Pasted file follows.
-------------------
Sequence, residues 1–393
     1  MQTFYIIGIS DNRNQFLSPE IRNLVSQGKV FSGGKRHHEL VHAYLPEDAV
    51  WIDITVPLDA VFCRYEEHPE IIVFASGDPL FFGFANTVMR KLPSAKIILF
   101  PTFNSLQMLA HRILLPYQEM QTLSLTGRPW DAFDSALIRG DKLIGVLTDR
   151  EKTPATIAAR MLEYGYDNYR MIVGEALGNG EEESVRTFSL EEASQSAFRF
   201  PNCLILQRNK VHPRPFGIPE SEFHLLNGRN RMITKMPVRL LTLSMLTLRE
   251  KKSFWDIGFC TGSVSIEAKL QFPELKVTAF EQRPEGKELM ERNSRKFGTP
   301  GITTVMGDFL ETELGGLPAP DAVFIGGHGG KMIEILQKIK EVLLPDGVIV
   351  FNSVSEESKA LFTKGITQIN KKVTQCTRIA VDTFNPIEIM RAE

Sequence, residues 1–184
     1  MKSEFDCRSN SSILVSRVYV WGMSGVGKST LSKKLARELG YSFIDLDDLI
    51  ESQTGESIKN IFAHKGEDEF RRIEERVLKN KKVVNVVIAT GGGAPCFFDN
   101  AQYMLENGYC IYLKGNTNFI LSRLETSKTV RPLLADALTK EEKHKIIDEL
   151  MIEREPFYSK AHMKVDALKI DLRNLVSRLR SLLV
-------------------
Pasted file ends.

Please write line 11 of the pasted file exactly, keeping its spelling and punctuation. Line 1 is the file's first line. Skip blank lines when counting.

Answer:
     1  MKSEFDCRSN SSILVSRVYV WGMSGVGKST LSKKLARELG YSFIDLDDLI